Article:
Arquivo da categoria: GEETA E PRASHANT S. IYENGAR

APROFUNDANDO A PRÁTICA DO YOGA

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(por Marcia Neves Pinto)

A reflexão do primeiro dia do intensivo para professores de Eyal Schifroni foi uma continuação da proposta da indagação diária de nossas motivações para a prática de yoga. O Prof. Eyal comenta que as técnicas de yoga são muito importantes, especialmente no método proposto por B. K. S. Iyengar, mas que temos que contextuá-las em todo esse arcabouço que forma a ciência, a arte e a filosofia do yoga.

Quando iniciamos a prática de yoga, é só mais uma forma de exercício, uma ginástica – exótica, mas é… Mas na medida em que progredimos, yoga vai se revelando muito mais do que práticas de posturas e respiração, vai se tornando uma forma de pensar, de agir, de viver. A maioria de nós começa estudando o corpo mas, em algum momento, passa a estudar a mente. Yoga, na verdade, é o estudo da mente, suas capacidades e limitações. O texto que lhe dá embasamento – os Yoga Sutras de Patañjali – é conhecido como um verdadeiro tratado de psicologia.

Há muita profundidade na prática dos yamas, niyamas, asanas e pranayama, se fazemos dela um laboratório de pesquisas de nós mesmos. A permanência nos asanas nos permite observar o corpo, a respiração, a mente e a relação entre eles.

Em Árvore da Vida, Guruji diz: “O corpo não pode ser separado da mente, nem a mente pode ser separada da alma.” E prossegue: “Se você, como principiante, observar o esforço envolvido na realização da postura e continuar observando-o à medida que progride, verá que esse esforço diminui a cada dia, embora o nível de realização do asana esteja melhorando. (…). Conforme vai trabalhando, você pode sentir desconforto por causa da imprecisão de sua postura. Para que isso não ocorra, você precisa aprendê-la e assimilá-la. Tem de fazer um esforço de entendimento e de observação. (…). O ioga requer análise durante a ação.”

“A mente age como uma ponte entre o movimento muscular e a ação dos órgãos de percepção, introduzindo o intelecto e ligando-o a todas as partes do corpo – fibras, tecidos e células (…), surgindo uma nova percepção. Observamos com atenção e lembramos a sensação da ação. Discriminamos com a mente. A mente discriminativa observa e analisa a sensação das diversas partes do corpo. “Finalmente, quando existe uma sensação total da ação sem quaisquer flutuações do alongamento, então a ação cognitiva, a ação mental e a ação reflexiva se reúnem todas para compor a conscientização plena (…). Essa é a prática espiritual do ioga.”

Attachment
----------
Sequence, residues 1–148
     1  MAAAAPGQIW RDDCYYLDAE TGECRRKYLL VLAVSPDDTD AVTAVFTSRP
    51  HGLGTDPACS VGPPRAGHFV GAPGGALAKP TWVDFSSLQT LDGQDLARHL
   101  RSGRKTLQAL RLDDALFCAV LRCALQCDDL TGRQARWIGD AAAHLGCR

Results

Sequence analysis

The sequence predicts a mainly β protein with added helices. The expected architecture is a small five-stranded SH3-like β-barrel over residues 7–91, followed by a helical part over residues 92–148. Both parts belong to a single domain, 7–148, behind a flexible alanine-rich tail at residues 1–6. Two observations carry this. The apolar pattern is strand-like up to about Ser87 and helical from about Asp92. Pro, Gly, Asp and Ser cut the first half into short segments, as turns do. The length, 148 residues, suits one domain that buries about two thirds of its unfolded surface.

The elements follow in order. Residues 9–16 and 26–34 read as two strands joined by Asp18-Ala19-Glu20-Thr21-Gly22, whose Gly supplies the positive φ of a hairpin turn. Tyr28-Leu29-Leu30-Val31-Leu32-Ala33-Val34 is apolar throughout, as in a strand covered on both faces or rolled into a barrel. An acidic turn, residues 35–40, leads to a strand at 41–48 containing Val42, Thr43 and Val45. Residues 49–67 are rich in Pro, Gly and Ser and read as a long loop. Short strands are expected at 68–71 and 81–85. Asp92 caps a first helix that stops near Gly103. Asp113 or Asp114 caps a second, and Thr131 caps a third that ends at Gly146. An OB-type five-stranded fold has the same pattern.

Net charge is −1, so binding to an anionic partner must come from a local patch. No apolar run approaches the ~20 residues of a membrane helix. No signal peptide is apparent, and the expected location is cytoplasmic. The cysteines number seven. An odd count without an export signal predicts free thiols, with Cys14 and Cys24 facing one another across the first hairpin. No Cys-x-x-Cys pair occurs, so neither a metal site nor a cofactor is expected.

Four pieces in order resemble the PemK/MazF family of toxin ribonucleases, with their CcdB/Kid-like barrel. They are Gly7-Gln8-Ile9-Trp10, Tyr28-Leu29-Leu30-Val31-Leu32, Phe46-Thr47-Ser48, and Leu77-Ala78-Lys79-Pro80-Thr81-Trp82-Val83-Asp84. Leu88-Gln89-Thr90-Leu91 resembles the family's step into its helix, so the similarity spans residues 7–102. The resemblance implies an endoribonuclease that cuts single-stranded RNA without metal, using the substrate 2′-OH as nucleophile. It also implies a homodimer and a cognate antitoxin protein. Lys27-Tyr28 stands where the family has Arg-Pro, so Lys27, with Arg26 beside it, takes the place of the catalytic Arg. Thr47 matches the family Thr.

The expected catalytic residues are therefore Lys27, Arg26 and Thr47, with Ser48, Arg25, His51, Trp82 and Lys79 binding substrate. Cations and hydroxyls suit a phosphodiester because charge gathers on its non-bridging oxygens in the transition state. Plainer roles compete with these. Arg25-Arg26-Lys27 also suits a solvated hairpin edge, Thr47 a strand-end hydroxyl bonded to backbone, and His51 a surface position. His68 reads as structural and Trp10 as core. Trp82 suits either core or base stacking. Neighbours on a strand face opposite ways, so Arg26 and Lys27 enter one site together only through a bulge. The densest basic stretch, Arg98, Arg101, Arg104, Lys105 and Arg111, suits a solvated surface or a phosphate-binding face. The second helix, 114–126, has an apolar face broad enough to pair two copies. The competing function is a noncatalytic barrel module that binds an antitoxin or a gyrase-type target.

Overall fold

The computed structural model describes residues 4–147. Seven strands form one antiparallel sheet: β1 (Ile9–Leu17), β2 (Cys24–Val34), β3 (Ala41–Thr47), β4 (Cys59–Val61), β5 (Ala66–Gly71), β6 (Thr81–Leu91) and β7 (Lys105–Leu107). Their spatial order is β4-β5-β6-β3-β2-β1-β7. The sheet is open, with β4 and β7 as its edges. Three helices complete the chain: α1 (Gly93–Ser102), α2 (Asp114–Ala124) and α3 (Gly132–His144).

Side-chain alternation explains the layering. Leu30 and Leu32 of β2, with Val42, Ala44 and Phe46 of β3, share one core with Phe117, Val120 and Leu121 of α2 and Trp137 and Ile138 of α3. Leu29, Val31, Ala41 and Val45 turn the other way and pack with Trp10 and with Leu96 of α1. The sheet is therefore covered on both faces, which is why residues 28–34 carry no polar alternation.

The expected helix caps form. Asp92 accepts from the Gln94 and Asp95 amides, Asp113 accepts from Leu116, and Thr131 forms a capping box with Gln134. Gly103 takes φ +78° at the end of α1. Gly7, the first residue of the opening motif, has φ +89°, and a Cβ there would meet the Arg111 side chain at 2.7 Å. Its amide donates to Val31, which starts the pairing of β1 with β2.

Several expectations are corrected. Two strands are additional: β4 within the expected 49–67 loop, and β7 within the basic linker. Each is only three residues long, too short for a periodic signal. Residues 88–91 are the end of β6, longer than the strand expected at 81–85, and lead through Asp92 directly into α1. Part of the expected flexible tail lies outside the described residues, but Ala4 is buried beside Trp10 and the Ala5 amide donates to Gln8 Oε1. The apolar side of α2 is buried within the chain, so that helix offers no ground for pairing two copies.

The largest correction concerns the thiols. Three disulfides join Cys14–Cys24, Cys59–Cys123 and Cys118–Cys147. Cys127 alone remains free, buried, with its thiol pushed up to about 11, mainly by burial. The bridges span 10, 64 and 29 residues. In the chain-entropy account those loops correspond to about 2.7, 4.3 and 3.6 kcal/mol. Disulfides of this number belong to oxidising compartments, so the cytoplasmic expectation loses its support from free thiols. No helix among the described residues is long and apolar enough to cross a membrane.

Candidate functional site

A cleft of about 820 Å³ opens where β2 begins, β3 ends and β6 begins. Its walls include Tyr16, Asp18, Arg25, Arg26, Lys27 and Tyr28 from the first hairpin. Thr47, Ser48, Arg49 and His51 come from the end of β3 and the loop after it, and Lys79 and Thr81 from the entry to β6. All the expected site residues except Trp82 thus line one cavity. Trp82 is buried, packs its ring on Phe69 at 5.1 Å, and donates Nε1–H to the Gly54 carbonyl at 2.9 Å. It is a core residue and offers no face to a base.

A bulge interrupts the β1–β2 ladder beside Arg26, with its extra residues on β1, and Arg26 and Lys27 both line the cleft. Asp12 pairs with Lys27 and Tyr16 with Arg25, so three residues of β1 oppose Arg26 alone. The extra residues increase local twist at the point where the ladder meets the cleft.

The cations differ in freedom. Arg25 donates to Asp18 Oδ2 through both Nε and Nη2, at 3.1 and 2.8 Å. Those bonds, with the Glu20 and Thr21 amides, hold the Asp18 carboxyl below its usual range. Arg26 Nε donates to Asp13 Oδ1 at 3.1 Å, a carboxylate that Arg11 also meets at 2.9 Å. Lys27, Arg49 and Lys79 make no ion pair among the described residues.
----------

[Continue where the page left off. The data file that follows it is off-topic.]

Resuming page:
Quando a postura se torna contemplativa, atingimos o estado mais elevado de contemplação no asana, o que envolve a integração do corpo, da respiração, dos sentidos, da mente, da inteligência (ou do conhecimento) e do Eu com a totalidade da existência. Patañjali diz que, quando um asana é realizado corretamente, as dualidades entre corpo e mente, mente e alma, desaparecem. Isso é conhecido como repouso na permanência, reflexão durante a ação.

Diz Guruji: “Há dois tipos de prática de ioga. Quando você está totalmente envolvido, sem o reflexo de impressões passadas, ajustando-se e agindo passo a passo rumo à perfeição e à precisão, ele se torna espiritual. Se você estiver oscilando, se sua mente estiver divagando ou existir uma diferença entre você, seu corpo, sua mente e seus pensamentos, então esse ioga é sensual, embora o esteja praticando sob a designação de espiritual.

Voltamos, então, à segunda proposta de indagação pessoal diária, que se traduz na análise do modo como estabelecemos nossa prática de yoga, cabendo examinar o seguinte tripé para poder responder a esta questão: (1) intenção, (2) atitude e (3) aplicação. A intenção tem a ver com as razões pelas quais praticamos, com o que queremos obter por meio da prática, aferindo se estas intenções guardam sintonia com a meta do yoga, yoga citta vrtti nirodhah (I.2). Isto é, nossa prática está na direção da estabilização da nossa mente, na pacificação da torrente incessante de pensamentos que nos assomam? Ou nossa prática tem outros motivos ocultos, tais como poder, beleza, fonte de sustento, flexibilidade? É importante manter uma intenção correta e pura no caminho do yoga.

A atitude guarda relação com a forma como nos aproximamos da prática. É preciso notar que há uma diferença entre praticarmos em um grupo e praticarmos sozinhos: em grupo, além da interação com outros, abre-se espaço para a comparação, competição, vaidade, orgulho, e podemos observar nossa tendência à necessidade de aprovação, de impressionar os outros e até mesmo de nos sentirmos inferiorizados em relação aos outros (ou o contrário…). Por outro lado, quando praticamos sós, nossas tendências emocionais vêm à tona: indisciplina, impaciência, agressividade, preguiça, acomodação. É um outro terreno de observação: como nossa mente opera quando ninguém está olhando. E em yoga temos que aprender a nos desidentificarmos com a mente para observar a mente como objeto.